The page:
Off They Go!

Yesterday afternoon at 17:26 CAT (GMT +2), surrounded by staff, volunteers, a tribal chief, a cabinet minister, local community members and leaders, a press contingent, and ALERT‘s founder, Andrew Connolly, along with its COO, David Youldon, the Dambwa Pride were released into the Stage 2 forest from which they take their name, officially entering the next phase of their journey amidst much fanfare and celebration.

David Youldon on the day’s events:

I would like to reiterate the warm welcome to you all as you join us here for this landmark day in the history of Lion Encounter and the African Lion and Environmental Research Trust.  We recognise here today the culmination of years of dedication, passion and co-operation, without which, this release would never have been possible.

This programme started from humble beginnings, as one man’s vision.  Over time that vision has evolved and is now a constantly developing reality here in Zambia.

This release exemplifies our continuing commitment to combatting one of the most underexposed and ill-expressed problems in environmental conservation; that of the rapid decline of this continents’ most iconic symbol; the African lion.  The lion is synonymous with Africa; the king of beasts, recognised as one of its most potent emblems, whose history is so richly intertwined with the history of those who have lived before us. It represents centuries of tradition, millennia of culture, and aeons of life on earth.

This regal and powerful animal reflects the values held most dearly by this community, this nation and this continent; strength, pride and courage; and yet its demise continues, unabated.

There is no more perfect metaphor to emphasise what the environment is enduring around this incredible continent, than the plight of the African lion as it struggles to survive against increasingly unfavourable odds.  The time to act is now. We all must come together and with one voice vow to protect this precious gift to mankind, and we shall learn to understand its intricacies and frailties so that we may co-exist alongside it.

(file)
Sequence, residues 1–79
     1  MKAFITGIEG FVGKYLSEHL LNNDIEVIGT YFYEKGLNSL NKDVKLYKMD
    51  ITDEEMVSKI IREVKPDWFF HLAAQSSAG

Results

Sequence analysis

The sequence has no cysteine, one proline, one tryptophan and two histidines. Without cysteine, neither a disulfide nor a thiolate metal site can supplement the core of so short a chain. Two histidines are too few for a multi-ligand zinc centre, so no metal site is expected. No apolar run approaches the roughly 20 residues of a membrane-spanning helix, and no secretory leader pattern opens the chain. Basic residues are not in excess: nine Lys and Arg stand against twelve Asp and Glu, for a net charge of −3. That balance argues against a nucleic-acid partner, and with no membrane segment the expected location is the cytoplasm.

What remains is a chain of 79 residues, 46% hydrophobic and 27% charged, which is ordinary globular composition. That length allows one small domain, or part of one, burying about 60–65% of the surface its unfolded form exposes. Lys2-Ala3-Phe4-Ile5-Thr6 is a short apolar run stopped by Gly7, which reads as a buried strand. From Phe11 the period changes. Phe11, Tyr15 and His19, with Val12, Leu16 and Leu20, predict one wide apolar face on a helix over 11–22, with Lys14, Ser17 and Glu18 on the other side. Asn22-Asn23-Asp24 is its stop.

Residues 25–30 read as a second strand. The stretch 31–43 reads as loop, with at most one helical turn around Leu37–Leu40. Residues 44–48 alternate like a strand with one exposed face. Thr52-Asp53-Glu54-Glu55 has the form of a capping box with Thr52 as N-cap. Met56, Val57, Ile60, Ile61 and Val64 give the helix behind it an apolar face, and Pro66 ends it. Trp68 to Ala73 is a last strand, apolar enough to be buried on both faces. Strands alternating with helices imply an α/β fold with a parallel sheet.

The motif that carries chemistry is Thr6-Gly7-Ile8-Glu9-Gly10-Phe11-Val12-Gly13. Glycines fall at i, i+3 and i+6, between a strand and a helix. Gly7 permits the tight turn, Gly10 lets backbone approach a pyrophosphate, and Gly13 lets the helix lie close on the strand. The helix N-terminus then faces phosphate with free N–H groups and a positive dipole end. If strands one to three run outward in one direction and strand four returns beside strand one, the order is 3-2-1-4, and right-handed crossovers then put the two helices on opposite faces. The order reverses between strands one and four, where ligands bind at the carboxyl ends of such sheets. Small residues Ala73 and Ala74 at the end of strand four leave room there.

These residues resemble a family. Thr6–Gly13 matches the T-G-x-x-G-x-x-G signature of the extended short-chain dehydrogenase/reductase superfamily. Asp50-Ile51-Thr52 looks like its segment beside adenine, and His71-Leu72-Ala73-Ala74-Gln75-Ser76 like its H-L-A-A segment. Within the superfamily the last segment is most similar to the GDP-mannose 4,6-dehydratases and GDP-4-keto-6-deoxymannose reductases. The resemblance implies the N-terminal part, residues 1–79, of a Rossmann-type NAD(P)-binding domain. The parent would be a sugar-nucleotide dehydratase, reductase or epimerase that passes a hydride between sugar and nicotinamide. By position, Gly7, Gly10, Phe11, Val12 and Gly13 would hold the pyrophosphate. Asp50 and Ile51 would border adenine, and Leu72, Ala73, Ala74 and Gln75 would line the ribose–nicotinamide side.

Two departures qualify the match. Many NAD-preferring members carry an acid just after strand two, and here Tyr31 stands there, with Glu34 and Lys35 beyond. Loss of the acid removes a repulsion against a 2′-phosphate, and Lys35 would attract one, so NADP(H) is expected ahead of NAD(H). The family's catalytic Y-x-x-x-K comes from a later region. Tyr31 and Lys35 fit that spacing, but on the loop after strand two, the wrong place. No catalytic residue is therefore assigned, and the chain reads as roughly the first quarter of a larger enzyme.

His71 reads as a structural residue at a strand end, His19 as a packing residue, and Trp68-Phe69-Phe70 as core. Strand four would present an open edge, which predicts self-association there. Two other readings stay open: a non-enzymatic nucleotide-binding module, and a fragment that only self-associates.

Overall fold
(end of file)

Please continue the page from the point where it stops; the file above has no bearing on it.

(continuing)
These beautiful animals are integral to the well-being of Africa’s unique and special ecosystems, but we must embrace and act on that knowledge, as such action will underpin a more sustainable way of life for us all.

Africa’s lands, so rich and diverse, are not owned by us, but rather they are leant to us.  Whilst each of us may enjoy this natural heritage only for a short time, it is our solemn responsibility to those who come after us to cherish it; and ensure that it remains able to nourish us and them.  Our efforts today may represent a small step, but it is a step in the right direction, and it is a step of immense significance that cannot be measured in Kwacha, Dollars or Euros, but as a demonstration of how communities and wildlife can live and thrive together.

I would like to take this opportunity to thank the staff of Lion Encounter, all of whom continue to work tirelessly and with devotion as we strive towards our final goal.  And I would like to thank you all for being with us here today as we celebrate this achievement; I also hope you will all join us, with collective pride, to look to the future of lion and environmental conservation, hand in hand with the aspirations of this community, of the people of Zambia and of Africa.

As Temi, Kela, Kwandi, Loma, Rusha, and Leya begin their new adventure in the Dambwa forest, now entirely dependent on themselves and each other for their pride’s survival, please raise a toast with us to mark this celebration and to offer them continued success.  Congratulations to the pride, and congratulations to everyone involved over the past several years who have made this moment possible.  Such a magnificent achievement.  Huzzah!

You can follow the Dambwa Pride here.

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